Most of the participants of the Snail Yoga Class in Yongyeon Village were in their 70s and some of them were in their 80s. At first, it was not easy for them to learn yoga moves because of their old age and stiffened backs from long farm work. Lee Eunhee, instructor of the yoga class, first taught abdominal breathing, the basics of yoga, and let them slowly follow her breathing. After they learned breathing and basic movements, she repeatedly guided them in postures that can improve immunity, and others to be used in daily life and improve muscle strength while balancing the body. If it was difficult for them to follow, she let them rest and join again when they could move comfortably.


After the steady training like that, the elderly became more and more interested. They participated more actively feeling their stiffened muscles loosen up, and their bodies become more supple. At first, it started with 11 people, but the number of participants gradually increased, and later the village hall filled up so much it became cramped. On the last day of the Snail Yoga Class, on the 16th of August, the village hall was full. All of the participants felt sorry that the village school period was too short.


Soap made by native residents and newcomers, communicating with each other

‘Bbodeudeuk Soap Perfume School’ in Pyeongji Village, Bibong-myeon

Pyeongji Village has about 30 residents in 15 households. There are five households of people who once lived in the city and have now returned to their hometowns. All the villagers live such a simple and generous life that they get along well without any conflict between native residents and newcomers. Kim Sookja, principal of the village school, is also a returnee who has been living in the village for four years.

The village school in Pyeongji Village, which was operated from July to August of this year, was ‘Bbodedeuk Soap Perfume School.’ They learned the process of making eco-friendly soap using agricultural products and natural ingredients grown in the village. Pyeongji Village is an eco-friendly village where, due to not using herbicides for farming, fireflies live comfortably. A variety of products were made and shared among residents, including a shampoo bar made of ginseng sprouts grown by villagers, an insect repellent necessary for country life where mosquitoes and insects are everywhere, a facial soap made of eoseongcho grown in the village, candles with wildflower aromas, eco-friendly kitchen detergents using coffee grounds, and moisturizers made of natural oil.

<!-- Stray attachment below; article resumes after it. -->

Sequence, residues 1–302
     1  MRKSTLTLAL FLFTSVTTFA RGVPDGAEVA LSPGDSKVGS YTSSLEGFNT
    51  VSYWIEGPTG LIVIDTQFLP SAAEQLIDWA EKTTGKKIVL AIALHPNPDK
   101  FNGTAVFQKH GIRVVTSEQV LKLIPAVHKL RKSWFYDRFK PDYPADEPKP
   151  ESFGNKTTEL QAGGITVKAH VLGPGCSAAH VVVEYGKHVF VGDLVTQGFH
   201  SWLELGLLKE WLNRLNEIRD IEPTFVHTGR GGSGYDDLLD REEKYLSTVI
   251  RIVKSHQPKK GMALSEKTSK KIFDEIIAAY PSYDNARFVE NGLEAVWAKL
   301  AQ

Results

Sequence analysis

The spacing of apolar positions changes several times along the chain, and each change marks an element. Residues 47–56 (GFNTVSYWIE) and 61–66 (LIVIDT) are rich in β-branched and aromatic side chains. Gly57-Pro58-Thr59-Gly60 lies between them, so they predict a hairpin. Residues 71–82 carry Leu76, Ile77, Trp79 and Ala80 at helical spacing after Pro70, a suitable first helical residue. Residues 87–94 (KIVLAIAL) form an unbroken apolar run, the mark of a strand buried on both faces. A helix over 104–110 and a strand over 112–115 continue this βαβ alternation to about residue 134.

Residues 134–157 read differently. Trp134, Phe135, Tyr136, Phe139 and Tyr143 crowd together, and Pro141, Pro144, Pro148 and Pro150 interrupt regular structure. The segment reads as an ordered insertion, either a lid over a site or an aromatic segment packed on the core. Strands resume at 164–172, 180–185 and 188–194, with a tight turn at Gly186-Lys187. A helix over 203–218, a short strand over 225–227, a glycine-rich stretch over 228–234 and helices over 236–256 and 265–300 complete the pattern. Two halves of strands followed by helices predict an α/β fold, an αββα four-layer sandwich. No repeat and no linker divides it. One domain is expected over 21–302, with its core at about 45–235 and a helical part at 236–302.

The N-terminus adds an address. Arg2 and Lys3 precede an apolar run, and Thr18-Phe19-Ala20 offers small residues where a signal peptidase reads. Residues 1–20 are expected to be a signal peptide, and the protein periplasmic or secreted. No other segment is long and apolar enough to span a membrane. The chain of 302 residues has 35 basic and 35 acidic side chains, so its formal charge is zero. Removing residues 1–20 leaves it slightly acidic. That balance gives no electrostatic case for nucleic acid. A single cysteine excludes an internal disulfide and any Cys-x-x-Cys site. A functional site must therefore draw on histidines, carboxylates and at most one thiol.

All the residents who tried the soap and shampoo made by themselves using natural ingredients say, "I don't think I can use other soap anymore." "The shampoo we made has softened our hair even though we don't use conditioner separately. At this rate, the soap and the shampoo businesses will close soon." Old ladies who said they had never used bath bombs in their lives were very amazed and liked them. They say they don’t have bathtubs in their houses, so they dissolve the bath bomb in a large rubber tub and enjoy a bath.

Kim Sookja, principal of Bbodedeuk Soap Perfume School, says “I feel how important it is to have a space for community activities like this in the village. It's really precious to be able to get together and do something together in an aging and culturally alienated rural area."